Blog Archives

A Short Analysis of A. E. Housman’s ‘You Smile Upon Your Friend To-Day’

Taken from A. E. Housman’s first, and best-known, collection, A Shropshire Lad (1896), ‘You smile upon your friend to-day’ is a short lyric in which the ‘lad’ of the collection’s title, who was originally named Terence Hearsay,

You smile upon your friend to-day,
To-day his ills are over;
You hearken to the lover’s say,
And happy is the lover.

’Tis late to hearken, late to smile,
But better late than never:
I shall have lived a little while
Before I die for ever. Read the rest of this entry


A Short Analysis of A. E. Housman’s ‘The Lent Lily’

The poet A. E. Housman is best-known for A Shropshire Lad (1896), which became a bestselling volume of poetry at the turn of the century and would later be popular among soldiers during the First World War. ‘The Lent Lily’ is not one of the best-known of Housman’s poems, but it contains the signature twist we find in much of his poetry, as melancholy breaks in on hope.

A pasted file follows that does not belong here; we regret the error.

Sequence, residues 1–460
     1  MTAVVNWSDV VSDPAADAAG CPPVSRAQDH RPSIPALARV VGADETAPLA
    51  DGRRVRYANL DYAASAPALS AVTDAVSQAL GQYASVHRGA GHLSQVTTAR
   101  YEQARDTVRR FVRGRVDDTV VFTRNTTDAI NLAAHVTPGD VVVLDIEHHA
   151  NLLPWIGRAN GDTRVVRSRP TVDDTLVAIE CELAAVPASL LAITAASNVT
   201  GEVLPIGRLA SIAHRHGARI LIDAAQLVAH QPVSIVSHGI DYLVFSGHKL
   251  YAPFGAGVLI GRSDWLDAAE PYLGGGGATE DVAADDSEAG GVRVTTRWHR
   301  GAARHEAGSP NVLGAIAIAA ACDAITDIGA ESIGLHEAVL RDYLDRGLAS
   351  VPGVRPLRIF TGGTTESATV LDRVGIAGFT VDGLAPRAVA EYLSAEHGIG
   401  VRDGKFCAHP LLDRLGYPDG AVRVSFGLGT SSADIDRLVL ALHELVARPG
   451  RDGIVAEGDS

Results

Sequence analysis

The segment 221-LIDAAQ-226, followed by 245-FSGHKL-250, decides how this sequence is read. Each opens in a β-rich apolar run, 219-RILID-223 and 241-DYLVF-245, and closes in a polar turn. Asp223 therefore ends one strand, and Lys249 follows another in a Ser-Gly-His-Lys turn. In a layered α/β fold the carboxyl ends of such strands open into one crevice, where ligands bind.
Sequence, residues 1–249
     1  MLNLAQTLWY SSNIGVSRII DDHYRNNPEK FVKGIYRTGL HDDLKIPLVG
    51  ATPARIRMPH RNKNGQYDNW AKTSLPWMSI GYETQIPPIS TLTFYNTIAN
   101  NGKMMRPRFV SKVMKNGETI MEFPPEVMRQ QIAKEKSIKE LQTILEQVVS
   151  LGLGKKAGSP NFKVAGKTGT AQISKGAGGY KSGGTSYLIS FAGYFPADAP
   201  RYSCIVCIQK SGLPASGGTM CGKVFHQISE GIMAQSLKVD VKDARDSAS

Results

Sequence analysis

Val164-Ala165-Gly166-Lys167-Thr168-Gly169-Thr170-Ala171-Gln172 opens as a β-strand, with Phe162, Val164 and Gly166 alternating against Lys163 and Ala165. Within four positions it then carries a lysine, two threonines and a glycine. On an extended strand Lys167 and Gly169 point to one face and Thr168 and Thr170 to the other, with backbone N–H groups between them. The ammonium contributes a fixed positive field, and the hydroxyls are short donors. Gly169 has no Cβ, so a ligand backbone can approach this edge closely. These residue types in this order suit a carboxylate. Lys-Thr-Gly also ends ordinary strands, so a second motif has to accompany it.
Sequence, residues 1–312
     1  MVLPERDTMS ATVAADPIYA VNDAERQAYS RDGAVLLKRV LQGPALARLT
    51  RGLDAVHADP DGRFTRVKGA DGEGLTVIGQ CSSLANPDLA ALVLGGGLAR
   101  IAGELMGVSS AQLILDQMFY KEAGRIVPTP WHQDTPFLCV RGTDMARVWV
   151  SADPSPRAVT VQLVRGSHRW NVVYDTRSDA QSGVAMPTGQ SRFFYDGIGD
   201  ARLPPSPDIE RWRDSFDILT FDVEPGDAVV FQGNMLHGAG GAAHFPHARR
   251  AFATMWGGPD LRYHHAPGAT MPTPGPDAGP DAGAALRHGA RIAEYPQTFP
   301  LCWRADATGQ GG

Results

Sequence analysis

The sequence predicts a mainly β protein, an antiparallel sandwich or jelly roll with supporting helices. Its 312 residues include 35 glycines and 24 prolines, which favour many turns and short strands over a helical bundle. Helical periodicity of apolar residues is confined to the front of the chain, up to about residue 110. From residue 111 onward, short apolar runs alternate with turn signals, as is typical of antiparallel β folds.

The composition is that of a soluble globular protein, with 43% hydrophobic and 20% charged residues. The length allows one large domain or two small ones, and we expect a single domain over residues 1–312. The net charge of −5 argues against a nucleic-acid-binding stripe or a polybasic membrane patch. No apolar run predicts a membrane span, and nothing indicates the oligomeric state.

The Lent Lily

’Tis spring; come out to ramble
The hilly brakes around,
For under thorn and bramble
About the hollow ground
The primroses are found.

And there’s the windflower chilly
With all the winds at play,
And there’s the Lenten lily
That has not long to stay
And dies on Easter day.

And since till girls go maying
You find the primrose still,
And find the windflower playing Read the rest of this entry

A Short Analysis of A. E. Housman’s ‘Smooth between sea and land’

‘Smooth between sea and land’ is the first line of a poem by A. E. Housman (1859-1936), who is best-known as the author of A Shropshire Lad (1896). This poem, however, didn’t appear in that volume and indeed remained unpublished until after Housman’s death.

Smooth between sea and land
Is laid the yellow sand,
And here through summer days
The seed of Adam plays.

Here the child comes to found
His unremaining mound,
And the grown lad to score
Two names upon the shore.

Here, on the level sand,
Between the sea and land,
What shall I build or write
Against the fall of night? Read the rest of this entry